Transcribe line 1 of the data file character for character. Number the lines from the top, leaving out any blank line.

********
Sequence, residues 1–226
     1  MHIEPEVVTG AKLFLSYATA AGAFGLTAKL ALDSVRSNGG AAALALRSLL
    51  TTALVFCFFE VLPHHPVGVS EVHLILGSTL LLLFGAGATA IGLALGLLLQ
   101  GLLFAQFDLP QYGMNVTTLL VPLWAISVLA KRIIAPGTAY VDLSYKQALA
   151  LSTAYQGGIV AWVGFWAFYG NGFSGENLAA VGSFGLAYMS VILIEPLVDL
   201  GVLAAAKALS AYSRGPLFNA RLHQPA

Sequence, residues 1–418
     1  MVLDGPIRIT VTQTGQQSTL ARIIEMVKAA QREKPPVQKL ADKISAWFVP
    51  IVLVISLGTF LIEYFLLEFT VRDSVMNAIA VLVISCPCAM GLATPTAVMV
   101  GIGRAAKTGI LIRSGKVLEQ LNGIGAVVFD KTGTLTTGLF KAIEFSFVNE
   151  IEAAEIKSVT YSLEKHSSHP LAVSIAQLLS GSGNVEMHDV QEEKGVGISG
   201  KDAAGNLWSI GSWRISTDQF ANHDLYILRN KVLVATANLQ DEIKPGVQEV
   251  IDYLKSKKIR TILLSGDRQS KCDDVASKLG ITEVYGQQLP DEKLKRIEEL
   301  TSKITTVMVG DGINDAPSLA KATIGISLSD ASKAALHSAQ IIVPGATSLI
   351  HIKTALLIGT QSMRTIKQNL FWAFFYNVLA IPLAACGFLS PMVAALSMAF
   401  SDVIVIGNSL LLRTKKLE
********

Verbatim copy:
Sequence, residues 1–226